When you have a health checkup, cholesterol levels are definitely on the list to ensure that your lipid profile is at target levels. High triglyceride levels put you at risk for a number of serious health issues. The lipid profile measures the fat in your blood, and there are three types to check. The LDL or bad cholesterol, the HDL or good cholesterol and triglycerides.
Ideally, total cholesterol should be less than 200 mg/dL, HDL should be 60 mg/dL or more and triglycerides should be below 150 mg/dL. A deviation from these readings leads to the build up of unhealthy cholesterol levels resulting in blocked arteries, putting you at risk for a heart attack or stroke.
Triglycerides are a crucial source of energy in the body, but high triglyceride levels are risky for heart health. This leads to a condition called metabolic syndrome characterized by low HDL cholesterol, high blood pressure, belly fat and high blood sugar, increasing increases the risk for heart disease, stroke and diabetes.
The good news? There are many ways to bring high triglyceride levels back to healthy levels by following healthy diet choices and avoiding certain foods.
Here are 12 foods to avoid for high triglyceride levels
Yes, vegetables are an essential part of a healthy diet, but there are some vegetables that are better than others, especially when you’re tracking your triglycerides, like starchy foods. Eating less of these can help. Limit starchy foods like corn and peas so that your body does not turn the extra starch into triglycerides. Instead, go for cauliflower, kale, mushrooms, etc.
Canned Baked Beans
Beans are chock full of nutrients and fiber but if you’re buying a can of baked beans made with sugar or added fats, that’s not your best choice. Read the label to know what is in the list of ingredients, especially how much sugar and fat. Be safe by switching to black beans, a great source of protein and fiber but without the added sugar and saturated fats.
Shocking, right? Fruits are healthy and are a great substitute for a rich creamy dessert or a snack. But with high triglyceride levels, it is better to limit yourself to just 2-3 pieces of fruit per day to avoid the natural sugars in the fruit. The same goes for dried fruit where the concentration of sugar is higher. Try and avoid.
In moderation, alcohol is usually okay but too much can result in high triglyceride levels. The natural sugars in the wine, beer or liquor are the culprits. Too much sugar, no matter what the source is, can have a negative effect on triglyceride levels. If you’re struggling to lower them, you are better off completely avoiding them.
Fish is good for the heart but if you are buying canned fish, study the label to check if it is packed in oil. Opt for canned fish packed in water.
Coconut is very much in the news as a super food. The health benefits of coconut milk, coconut water, coconut oil, coconut flakes etc. are be praised. But coconut is also high in saturated fats, so check with your doctor if it is okay for you to consume it or whether you should cut it out of your diet, at least until your cholesterol levels are under control.
If you are a fan of starchy foods like pasta, bread, potatoes, rice or cereals, remember that your body converts these into triglycerides. Rather than remove them from your diet, ensure proper serving sizes. Portion control is key. Avoid foods made from refined flour.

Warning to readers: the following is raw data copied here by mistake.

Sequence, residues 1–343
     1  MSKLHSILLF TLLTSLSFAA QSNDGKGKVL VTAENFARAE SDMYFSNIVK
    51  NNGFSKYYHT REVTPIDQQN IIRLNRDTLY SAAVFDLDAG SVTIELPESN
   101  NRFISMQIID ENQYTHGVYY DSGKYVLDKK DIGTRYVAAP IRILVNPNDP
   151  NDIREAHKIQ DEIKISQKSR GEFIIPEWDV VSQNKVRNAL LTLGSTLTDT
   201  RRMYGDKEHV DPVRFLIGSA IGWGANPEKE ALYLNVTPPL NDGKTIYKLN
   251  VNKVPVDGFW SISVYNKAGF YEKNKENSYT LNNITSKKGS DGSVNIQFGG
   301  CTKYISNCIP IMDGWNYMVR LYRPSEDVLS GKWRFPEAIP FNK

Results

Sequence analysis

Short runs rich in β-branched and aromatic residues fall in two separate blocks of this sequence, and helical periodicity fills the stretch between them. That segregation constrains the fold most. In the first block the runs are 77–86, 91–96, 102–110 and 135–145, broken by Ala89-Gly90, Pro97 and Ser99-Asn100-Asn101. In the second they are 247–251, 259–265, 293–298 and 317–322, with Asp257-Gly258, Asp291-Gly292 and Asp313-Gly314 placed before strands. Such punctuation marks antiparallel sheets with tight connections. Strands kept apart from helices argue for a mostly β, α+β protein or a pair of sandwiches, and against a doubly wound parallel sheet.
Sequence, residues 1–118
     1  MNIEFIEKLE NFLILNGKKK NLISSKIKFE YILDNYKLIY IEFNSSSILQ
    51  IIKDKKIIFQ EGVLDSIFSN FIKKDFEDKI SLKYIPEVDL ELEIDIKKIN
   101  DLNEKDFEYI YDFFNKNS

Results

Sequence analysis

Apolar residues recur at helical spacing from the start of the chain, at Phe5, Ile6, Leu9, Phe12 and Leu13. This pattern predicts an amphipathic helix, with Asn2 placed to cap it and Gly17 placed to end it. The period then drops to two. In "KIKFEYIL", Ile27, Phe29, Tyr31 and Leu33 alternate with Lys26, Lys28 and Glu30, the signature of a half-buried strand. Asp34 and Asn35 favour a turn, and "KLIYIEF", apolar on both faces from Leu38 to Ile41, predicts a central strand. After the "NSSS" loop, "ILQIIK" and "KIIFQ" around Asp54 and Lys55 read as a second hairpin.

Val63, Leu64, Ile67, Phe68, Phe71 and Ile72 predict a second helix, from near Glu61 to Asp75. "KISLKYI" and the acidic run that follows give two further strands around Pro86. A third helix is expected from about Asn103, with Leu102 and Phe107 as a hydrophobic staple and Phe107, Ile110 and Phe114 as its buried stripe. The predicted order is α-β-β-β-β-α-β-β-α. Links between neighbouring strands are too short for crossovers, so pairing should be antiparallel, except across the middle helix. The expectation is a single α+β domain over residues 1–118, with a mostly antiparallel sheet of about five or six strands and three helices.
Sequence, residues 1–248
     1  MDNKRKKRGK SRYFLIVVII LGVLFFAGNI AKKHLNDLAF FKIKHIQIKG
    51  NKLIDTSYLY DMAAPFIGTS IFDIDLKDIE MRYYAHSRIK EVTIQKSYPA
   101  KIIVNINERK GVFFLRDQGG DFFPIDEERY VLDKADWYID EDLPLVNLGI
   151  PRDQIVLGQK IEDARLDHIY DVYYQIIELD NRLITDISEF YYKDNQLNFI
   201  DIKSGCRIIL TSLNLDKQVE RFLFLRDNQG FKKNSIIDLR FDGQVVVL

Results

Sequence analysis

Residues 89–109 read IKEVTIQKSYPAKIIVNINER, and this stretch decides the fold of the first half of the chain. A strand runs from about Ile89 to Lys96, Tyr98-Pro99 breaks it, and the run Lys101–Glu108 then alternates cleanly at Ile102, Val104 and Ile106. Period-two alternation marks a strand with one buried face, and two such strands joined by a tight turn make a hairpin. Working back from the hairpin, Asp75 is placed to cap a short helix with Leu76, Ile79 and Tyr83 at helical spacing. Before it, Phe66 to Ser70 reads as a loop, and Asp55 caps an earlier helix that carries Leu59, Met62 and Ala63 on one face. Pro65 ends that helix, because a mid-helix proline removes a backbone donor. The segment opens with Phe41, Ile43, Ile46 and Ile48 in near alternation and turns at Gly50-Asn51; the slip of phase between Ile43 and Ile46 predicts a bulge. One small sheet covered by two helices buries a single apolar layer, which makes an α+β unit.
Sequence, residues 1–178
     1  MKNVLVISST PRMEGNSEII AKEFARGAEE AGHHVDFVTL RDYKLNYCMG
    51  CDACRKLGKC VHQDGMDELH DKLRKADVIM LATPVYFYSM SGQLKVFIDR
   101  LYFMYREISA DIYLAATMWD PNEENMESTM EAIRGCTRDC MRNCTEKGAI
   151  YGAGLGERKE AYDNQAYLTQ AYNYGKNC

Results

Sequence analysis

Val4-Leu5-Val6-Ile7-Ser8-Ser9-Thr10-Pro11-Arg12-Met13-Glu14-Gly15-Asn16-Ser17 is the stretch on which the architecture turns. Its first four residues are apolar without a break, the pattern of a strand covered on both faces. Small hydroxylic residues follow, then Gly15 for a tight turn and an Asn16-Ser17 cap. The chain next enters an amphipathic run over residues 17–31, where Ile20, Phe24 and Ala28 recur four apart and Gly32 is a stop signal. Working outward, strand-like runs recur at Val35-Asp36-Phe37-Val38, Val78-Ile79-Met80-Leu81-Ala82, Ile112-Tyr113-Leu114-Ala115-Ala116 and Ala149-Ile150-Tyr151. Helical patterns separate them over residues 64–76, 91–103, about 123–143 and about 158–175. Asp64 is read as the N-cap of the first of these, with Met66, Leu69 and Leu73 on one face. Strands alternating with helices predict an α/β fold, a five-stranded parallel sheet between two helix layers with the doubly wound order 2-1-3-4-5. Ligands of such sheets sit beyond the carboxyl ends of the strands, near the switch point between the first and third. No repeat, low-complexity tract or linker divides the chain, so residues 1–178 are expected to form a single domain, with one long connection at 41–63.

You could be drinking your sugar! For example, sweet iced tea, soda, fruit juice, or a syrupy packaged drink could be your undoing. Bottled drinks are very high in sugar. So when you cut back on sugar, remember to eliminate packaged drinks as that sugar can be converted into triglycerides.
Honey or Maple Syrup
There’s a common misconception that while you should avoid sugar, honey or maple syrup are healthier options as they are natural compared to refined sugar. But just like sugar, they are also capable or raising your triglycerides. When you are trying to lower your TG levels, it is best to avoid all sugary sweeteners even if they’re natural sugars.
High triglyceride levels call for avoiding saturated fats. This includes baked goods that use butter or trans fats in the baking process. Always read the nutrition label to check for ingredients you are not familiar with. If you don’t understand the label, best leave the product alone!
While you need not give up meat entirely, keep in mind that it is better to pick lean cuts. Do not even go near processed meats, which includes bacon, sausages, ham, etc. There is growing evidence that processed meat can increase the risk for heart disease and diabetes.
Butter or Margarine
If you use butter and margarine in your cooking, substitute it for a healthier cooking oil like olive oil especially while cooking meats and vegetables or even for salad dressing. Butter and margarine have too much saturated fat or trans fat and this can clog the arteries.
Keeping cholesterol at healthy levels can be as easy as eating a healthy diet, avoiding sugary foods and getting regular exercise. Even if your cholesterol and triglycerides are borderline high, you can correct it with exercise and a healthy diet. It only takes some discipline and commitment—and some will power. Isn’t it worth it, considering that it will lower your risk for heart disease and diabetes?